4. You won't get very far reporting BS surveys without something that allows CAD layers to be generated and manipulated. Even if you bluff it for a bit a few jobs in teh architect will ask you to send the constraints to them as a CAD file. Risk surveys really just need to show where the trees are ut BS surveys need to protray them. I use PT Mapper with Pocket GIS, it (PTM) really bursts my head sometimes but I must have done 300 paid-for reports wiht this combo by now so the investment was well worth it. Just be ready to swear at it a lot. I'm still using a couple of Trimble Geos and a Juno but it is all available on android now. I have an averson to Android which people will appreciate on the first rainy survey. I have used the Geos in torrential rain and even dropped one of the Geos in a river and it didn't seem bothered. On the other hand there are free QGIS apps for making up survey templates and they can be exported as csvs and shape files so if you have hours to spare and a temporary swearing amnesty you could do it all without buying any software as long as you have a CAD application. I don't think free QCAD is quite up to it.
  5. I love this, absolutely love it. The tax bulletin is hilarious. I would have piad your parking charges for a WHOLE DAY to have sat in on that. And I wouldn't even have claimed the tax on it. 😀😀😀💩🤡💥
  6. I'd suggest you do CS30/31 because it will make you much more useful than other branch draggers and you will get more work, especially with more responsible companies. You will also be able to use saws for your firewood. But the important bit is that almost any ticket training introduces you to the same key H&S aspects that turn up in all of them and will give good insight and condition your mind to how the industry is (or should be) organised. And there's a lot to be said for learning to strip a saw down and put it back together. I did it after working in offices for decades, and it makes you feel human again. You should expect payment too, and there's almost always wood being chucked out that's available for free. But volunteering might get your foot in the door to start with and give you an idea of whether the reality of hard graft in the rain doesn't supplant the nice notion of working outdoors.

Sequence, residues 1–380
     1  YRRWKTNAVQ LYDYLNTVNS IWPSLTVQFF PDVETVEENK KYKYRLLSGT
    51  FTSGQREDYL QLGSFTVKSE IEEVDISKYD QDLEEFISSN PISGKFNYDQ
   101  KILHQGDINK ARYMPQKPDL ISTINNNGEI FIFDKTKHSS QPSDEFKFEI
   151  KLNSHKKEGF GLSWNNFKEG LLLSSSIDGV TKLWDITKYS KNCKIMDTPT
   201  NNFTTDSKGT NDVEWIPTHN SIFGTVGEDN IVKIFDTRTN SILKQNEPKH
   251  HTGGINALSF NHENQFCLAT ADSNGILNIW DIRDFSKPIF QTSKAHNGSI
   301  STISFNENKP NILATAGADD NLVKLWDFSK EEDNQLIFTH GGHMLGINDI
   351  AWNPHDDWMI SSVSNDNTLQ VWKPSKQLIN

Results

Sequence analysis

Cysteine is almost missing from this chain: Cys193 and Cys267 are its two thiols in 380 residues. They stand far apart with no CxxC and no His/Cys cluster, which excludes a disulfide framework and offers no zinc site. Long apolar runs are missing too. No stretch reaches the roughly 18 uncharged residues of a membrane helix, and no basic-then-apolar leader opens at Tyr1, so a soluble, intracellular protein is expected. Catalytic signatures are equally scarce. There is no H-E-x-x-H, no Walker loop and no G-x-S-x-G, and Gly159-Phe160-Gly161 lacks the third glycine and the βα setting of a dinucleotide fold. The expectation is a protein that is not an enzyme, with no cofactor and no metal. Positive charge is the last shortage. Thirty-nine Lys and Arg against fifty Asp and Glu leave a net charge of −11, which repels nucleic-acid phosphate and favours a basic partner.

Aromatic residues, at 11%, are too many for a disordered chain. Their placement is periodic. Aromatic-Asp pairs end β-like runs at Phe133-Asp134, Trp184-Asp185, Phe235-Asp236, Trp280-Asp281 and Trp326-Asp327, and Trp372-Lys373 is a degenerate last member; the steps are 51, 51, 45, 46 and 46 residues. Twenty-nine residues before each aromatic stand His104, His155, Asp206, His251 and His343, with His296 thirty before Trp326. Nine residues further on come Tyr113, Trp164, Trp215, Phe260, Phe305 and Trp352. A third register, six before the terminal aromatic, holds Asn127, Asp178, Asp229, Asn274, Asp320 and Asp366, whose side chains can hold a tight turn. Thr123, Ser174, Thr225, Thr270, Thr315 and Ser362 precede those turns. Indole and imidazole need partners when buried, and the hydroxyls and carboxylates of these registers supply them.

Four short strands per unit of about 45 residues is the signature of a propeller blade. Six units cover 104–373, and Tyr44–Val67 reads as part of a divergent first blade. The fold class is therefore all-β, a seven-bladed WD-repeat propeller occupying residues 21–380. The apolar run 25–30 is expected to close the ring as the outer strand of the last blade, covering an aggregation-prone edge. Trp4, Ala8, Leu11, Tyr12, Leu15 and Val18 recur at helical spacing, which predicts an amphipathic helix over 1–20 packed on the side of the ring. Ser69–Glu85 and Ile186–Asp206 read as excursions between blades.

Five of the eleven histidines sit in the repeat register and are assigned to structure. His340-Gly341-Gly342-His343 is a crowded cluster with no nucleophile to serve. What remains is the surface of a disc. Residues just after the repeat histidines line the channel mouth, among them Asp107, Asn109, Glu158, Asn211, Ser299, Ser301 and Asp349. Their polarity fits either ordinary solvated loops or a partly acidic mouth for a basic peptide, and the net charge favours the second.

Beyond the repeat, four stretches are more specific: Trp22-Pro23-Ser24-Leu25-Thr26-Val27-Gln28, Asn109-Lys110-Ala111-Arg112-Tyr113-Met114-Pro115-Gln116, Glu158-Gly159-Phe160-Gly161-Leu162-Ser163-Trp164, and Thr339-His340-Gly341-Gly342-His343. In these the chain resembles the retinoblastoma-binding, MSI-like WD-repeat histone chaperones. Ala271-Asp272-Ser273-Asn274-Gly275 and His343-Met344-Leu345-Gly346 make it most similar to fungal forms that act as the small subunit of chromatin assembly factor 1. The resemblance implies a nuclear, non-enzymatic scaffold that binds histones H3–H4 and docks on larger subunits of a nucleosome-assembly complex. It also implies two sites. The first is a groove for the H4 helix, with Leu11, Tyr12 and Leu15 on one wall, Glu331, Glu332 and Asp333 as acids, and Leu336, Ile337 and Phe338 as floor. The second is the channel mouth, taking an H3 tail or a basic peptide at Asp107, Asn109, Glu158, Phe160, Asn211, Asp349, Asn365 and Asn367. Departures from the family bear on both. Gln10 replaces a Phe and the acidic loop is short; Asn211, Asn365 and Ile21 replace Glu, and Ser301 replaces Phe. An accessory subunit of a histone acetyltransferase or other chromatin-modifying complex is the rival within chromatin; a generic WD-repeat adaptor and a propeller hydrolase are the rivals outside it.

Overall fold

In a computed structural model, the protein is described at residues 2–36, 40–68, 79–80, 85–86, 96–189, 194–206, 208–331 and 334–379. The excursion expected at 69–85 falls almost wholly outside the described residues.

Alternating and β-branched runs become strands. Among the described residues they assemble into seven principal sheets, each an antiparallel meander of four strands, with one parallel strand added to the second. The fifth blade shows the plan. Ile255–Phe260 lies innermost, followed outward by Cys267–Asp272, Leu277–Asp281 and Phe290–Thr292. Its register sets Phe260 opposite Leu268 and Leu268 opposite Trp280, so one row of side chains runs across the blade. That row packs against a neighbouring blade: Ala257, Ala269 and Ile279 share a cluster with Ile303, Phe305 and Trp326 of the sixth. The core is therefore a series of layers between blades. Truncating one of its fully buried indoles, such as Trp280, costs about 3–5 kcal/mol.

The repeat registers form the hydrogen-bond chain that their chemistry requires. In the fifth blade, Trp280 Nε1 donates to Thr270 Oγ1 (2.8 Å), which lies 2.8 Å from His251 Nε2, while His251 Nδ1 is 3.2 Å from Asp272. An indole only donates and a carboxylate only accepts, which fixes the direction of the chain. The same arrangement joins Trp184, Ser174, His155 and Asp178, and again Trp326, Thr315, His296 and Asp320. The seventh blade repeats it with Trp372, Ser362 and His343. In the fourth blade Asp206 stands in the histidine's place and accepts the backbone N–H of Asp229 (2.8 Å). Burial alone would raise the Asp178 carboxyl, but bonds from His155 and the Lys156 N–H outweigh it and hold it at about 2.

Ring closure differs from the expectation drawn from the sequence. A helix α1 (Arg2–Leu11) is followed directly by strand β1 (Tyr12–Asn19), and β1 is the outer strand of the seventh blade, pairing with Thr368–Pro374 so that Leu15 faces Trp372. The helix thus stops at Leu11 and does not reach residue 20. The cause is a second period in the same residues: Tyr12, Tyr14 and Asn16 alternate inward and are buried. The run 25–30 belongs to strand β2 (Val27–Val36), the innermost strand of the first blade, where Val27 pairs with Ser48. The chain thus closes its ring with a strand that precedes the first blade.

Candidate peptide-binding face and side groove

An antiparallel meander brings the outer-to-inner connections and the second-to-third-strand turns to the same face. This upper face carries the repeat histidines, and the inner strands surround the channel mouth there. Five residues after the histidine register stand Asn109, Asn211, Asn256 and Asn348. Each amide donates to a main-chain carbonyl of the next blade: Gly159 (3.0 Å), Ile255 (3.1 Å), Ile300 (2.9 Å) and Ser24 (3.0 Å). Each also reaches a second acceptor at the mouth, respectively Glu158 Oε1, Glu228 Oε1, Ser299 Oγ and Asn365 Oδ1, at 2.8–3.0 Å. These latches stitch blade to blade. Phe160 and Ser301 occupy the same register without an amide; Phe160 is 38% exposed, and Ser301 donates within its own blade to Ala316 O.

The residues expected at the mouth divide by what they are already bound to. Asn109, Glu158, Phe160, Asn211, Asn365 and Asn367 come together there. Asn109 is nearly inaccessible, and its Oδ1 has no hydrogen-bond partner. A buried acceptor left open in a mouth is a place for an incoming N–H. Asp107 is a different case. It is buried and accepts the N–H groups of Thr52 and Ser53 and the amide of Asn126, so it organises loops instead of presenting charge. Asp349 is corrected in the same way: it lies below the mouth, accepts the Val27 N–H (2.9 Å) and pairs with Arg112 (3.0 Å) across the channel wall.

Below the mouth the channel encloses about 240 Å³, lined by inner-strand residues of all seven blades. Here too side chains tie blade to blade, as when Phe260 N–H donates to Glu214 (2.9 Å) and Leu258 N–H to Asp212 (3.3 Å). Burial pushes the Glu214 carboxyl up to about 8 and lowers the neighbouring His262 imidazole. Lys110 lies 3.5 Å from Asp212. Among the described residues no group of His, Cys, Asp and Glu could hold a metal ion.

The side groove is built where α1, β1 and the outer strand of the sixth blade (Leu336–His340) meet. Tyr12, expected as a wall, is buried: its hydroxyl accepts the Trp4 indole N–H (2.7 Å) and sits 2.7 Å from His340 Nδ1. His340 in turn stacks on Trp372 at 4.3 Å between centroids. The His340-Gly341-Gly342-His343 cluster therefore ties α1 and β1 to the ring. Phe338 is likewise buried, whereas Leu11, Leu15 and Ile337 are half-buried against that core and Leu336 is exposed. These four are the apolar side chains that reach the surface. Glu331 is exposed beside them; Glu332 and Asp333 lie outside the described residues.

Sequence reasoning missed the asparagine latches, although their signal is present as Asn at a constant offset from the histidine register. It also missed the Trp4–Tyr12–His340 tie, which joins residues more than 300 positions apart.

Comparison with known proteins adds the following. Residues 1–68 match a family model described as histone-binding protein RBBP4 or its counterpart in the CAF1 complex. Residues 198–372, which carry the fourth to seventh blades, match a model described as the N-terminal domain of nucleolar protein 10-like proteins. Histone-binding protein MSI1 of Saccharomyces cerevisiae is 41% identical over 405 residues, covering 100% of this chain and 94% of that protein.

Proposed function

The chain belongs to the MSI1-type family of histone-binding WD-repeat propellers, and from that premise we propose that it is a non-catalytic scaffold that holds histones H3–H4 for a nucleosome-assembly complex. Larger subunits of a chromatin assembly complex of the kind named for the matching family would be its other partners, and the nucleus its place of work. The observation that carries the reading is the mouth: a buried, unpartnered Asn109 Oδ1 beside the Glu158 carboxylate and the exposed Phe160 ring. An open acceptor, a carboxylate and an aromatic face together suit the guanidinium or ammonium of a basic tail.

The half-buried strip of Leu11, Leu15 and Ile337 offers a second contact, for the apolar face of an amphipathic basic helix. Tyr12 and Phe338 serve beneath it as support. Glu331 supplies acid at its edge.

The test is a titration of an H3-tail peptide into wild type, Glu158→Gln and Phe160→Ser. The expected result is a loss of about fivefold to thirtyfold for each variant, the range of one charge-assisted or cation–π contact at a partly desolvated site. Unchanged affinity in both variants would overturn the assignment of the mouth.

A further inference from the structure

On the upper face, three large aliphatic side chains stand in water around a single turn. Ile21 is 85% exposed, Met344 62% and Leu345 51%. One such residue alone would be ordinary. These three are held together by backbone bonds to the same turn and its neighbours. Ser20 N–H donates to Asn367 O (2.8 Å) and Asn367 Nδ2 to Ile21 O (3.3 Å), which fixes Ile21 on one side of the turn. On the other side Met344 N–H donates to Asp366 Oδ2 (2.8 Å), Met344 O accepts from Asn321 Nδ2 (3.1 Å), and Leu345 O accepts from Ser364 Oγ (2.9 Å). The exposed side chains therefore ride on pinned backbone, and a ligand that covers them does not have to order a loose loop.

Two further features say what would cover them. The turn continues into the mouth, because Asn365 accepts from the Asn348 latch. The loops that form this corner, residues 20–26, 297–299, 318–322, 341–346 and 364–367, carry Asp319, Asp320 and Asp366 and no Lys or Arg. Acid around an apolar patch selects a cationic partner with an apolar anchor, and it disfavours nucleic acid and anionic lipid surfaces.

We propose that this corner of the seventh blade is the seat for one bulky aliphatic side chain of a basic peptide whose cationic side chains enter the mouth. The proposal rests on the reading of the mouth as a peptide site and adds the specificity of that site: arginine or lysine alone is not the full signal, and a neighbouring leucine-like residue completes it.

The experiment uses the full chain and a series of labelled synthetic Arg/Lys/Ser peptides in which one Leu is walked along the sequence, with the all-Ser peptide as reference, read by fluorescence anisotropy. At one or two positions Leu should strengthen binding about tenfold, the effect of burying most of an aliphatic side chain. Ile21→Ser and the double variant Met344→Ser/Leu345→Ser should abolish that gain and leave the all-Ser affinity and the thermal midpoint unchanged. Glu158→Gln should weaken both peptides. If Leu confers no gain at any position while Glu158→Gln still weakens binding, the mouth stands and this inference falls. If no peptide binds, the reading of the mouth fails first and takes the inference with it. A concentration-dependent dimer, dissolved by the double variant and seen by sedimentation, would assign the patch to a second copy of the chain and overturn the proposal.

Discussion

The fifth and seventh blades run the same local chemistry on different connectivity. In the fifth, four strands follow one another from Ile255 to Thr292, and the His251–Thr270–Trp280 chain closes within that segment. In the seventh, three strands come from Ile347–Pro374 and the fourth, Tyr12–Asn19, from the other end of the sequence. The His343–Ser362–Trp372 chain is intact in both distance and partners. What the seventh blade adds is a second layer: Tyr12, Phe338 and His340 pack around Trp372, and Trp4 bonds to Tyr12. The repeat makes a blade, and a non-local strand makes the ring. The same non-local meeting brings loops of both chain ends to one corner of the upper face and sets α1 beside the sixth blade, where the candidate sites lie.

7. But VTA is checking for symptoms of defects (step 1), confirming defect presence (step 2) and assessing strength of remainder (step 3). That's a lot to fit into an acronym butchered as a verb 🤯. We know about 1 and 2, do you mean do step 3? It still won't give a likelihood of failure.
  8. BS 5837 says diameter is to be stated in mm, rounded to nearest 10. Otherwise use whatever units you want. Our american cousings rather primitively use feet and inches and so if they measure the diameter in inches they just have to use a RPAr of that number in feet. I don't understand your second question.
  9. I don't know if anyone has said it yet, byut Liriodendron is in the Magnoliacea family, all insect pollinated and therfore producers of very few but large pollen compared with wind pollinators like Betulacea or Pinaceae which just chuck out zillions of fine pollen. I expect a few birch or pine 100 m away would be more asthma-inducing than a Tulip overhanging the property.
  10. RPA is an area in metres squared. I expect what you mean is the RPA radius (RPAr) in metres. Diameter tapes actually measure the circumference in units of Pi. If R is the RPA radius, it equals 12 x diameter. Circumference C = Diameter x Pi. Rearrange and solve for R R = 3.8 x C. The NJUG guidance rounds this up to 4. So basically unsophisticated workies just need to wrap a rope around tree stem and go out 4 lengths of that and do a circle round the tree. No tape required. Or if you insist in converting circumference to diameter, measure circumference in metres with normal tape, divide by 3.14 to get diameter, then multiply by 12 to get RPAr.
  11. I'm going to guess at Phellodendron. Not sure which though.
  12. I wouldn't say 'entirely'. There is some evidence of flowering, and I have definitely seen cones on what I thought was Haggerston Grey, This is backed up in the Collin guide I think.